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July 24, 2019, 05:45:59 am

Author Topic: Standard Math Q+A Thread  (Read 70063 times)  Share 

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fun_jirachi

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Re: General Math Q+A Thread
« Reply #645 on: October 24, 2018, 07:42:58 pm »
0
Hey there!

For the first one, notice that all the units in the question and answers are in SI units! It's not specifically maths, but 1 watt (W) is equal to 1 Joule per second (Js-1), so the answer is C.

For the second and third one, I've both downloaded and expanded the pictures and I still can't read them! Do you happen to have a clearer picture, because if so I'd be glad to help you.

For the last one, its just knowing that tera- means roughly 1012. Knowing that there are 1024 bytes in a megabyte and 1024 megabytes in a gigabyte and so on as well as that 8 bits make one byte, 23(for the bits)x10244 (since one terabyte is roughly 1012, or think about it as 1024 and going up 4 levels). 1024 = 210 so using indice laws you get that there are 243 bits in 2 terabytes.

Hope this helps!

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jamonwindeyer

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Re: Standard Math Q+A Thread
« Reply #646 on: November 10, 2018, 04:25:23 pm »
+5
Hey! With HSC exams now over, we are now doing the new version of General Maths - Standard Maths! Almost everything about the old course has stayed the same, so everything from before this point is still super useful. Feel free to have a scroll back! ;D
« Last Edit: November 10, 2018, 04:27:01 pm by jamonwindeyer »

Equilibrium

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Re: Standard Math Q+A Thread
« Reply #647 on: November 18, 2018, 08:17:36 pm »
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Hi! This is my second post on here, I'm in Year 10 & about to transition into Year 11. I've already elected to undertake General Maths because I know how important it is to learn... But I'm currently reading a textbook for next year & cannot comprehend what I'm reading. I've never been good at maths, always easily getting better marks in my language & humanities based subjects.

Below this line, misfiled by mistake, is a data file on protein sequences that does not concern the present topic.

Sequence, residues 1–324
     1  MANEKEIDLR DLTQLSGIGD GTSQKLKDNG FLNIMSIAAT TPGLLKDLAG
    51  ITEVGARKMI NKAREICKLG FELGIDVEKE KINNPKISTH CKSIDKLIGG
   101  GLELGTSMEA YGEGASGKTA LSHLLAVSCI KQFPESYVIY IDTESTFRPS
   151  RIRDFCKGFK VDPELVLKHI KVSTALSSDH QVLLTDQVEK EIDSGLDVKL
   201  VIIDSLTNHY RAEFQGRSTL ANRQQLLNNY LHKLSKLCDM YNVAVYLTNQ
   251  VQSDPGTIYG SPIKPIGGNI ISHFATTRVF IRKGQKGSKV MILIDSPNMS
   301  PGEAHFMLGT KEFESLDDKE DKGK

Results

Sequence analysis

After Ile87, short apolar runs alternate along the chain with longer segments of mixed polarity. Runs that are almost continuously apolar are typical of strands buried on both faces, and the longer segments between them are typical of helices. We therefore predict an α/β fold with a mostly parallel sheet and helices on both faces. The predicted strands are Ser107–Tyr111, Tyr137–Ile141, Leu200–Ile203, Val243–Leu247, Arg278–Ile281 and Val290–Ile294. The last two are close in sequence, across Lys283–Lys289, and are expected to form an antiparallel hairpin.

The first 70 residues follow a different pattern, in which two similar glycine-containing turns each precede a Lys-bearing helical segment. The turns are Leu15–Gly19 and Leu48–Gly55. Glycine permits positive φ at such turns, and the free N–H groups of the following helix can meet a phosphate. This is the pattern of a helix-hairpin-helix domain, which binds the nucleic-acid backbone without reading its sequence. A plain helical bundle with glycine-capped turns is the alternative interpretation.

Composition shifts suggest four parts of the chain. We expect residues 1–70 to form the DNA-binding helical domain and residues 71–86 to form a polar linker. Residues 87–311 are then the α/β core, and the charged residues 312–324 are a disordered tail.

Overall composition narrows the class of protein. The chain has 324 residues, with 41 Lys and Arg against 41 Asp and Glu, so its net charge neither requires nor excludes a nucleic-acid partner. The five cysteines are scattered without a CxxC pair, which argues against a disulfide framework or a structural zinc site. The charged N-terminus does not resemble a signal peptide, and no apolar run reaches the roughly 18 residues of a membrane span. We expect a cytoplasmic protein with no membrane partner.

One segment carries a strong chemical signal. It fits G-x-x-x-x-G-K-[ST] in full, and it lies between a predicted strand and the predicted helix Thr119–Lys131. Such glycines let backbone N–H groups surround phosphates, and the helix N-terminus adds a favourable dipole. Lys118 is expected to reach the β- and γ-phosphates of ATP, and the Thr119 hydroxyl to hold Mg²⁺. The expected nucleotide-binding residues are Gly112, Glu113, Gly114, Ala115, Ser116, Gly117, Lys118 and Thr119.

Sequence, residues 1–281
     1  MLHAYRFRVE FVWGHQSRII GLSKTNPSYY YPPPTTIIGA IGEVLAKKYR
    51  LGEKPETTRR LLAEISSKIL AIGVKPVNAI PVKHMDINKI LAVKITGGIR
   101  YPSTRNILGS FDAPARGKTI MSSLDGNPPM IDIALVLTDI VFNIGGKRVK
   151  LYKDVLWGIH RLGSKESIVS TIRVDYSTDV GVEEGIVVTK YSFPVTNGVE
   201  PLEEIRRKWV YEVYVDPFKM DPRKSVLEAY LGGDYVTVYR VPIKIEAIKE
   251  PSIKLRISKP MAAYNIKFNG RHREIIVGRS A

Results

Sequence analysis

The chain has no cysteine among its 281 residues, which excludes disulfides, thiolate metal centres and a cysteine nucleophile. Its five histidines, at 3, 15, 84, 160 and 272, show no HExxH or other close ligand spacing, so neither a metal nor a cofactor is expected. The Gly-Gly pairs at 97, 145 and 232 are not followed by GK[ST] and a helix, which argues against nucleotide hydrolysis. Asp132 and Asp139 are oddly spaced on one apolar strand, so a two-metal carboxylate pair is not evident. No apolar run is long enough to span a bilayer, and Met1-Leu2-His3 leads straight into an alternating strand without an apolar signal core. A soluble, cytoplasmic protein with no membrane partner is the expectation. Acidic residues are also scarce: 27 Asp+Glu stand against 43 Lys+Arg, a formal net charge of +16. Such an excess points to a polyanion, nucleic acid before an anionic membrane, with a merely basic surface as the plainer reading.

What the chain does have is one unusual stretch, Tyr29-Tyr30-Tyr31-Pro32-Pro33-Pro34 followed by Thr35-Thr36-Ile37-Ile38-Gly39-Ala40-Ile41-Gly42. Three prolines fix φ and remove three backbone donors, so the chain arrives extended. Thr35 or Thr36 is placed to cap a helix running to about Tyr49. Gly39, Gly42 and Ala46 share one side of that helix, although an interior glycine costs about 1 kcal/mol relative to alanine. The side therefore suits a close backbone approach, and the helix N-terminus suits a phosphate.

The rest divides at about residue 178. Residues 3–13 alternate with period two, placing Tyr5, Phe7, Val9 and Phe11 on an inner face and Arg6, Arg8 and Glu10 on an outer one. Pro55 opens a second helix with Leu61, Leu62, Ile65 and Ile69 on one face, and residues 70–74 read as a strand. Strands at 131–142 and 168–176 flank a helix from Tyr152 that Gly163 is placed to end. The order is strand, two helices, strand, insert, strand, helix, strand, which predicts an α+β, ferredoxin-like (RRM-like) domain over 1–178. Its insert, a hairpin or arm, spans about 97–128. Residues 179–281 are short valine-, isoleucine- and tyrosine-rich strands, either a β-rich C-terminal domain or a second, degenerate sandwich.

I'm too embarrassed to ask a teacher about it, I don't want someone I might face every day thinking I'm dumb...
Would anyone be able to help me decipher this? 😅

“The inverse operation to exponentiation is logarithms, and as exponents aren't commutative like addition and multiplication are, there are two possible inverses, the other being surds.
The square root of (x squared) equals x, and so in that way the root is the inverse operation, but then there's also this (the first equation has been shifted up by 1, but both essentially give the graph for y=x, despite the second equation including an exponent).”

There's a graph diagram underneath.



S200

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Re: Standard Math Q+A Thread
« Reply #648 on: November 18, 2018, 08:40:15 pm »
+3
I don't fully get what it's saying myself (maybe if you uploaded a picture of the graphs we could help better?) but I'll try to explain a little.
“The inverse operation to exponentiation is logarithms, and as exponents aren't commutative like addition and multiplication are, there are two possible inverses, the other being surds.
\(y=2^x\) is an exponential, and you would get the inverse by placing the \(y\) where the \(x\) is.
Solving for \(y\) requires using a logarithm.
The Basic form of a logarithm
\(y=a^x \therefore \log_a {y}=x\)
Eg: \(64=2^x \quad \log_2 {64} = x, \quad x=8\)
So, when solving the aforementioned equation, we would find that the inverse function to \(y=2^x\) is \(y=\log_2 {x}\).

We can visually see that this is correct when we graph it, by inserting the line \(y=x\), showing that the reflection is symmetrical about this line.


By commutative, the textbook is saying that unlike addition and multiplication, where \(1+2=2+1\) and \(a\times b=b\times a\), an exponential cannot be the so easily switched around...

i.e: \(2^x \ne x^2\)


Please reply if anything doesn't make sense, and I'll try to help more.
Also, Welcome to AN... :D
« Last Edit: November 18, 2018, 08:43:39 pm by S200 »
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ChloeWalker

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Re: Standard Math Q+A Thread
« Reply #649 on: January 15, 2019, 01:43:51 pm »
+1
Hi, I'm not too sure if this is where I can ask this, if it's not if someone could redirect me that would be great!

It's a standard maths question:

"Calculate the future value, to the nearest cent.  a) Present value of $680 invested for 4 years at 5% p.a. compounded biannually"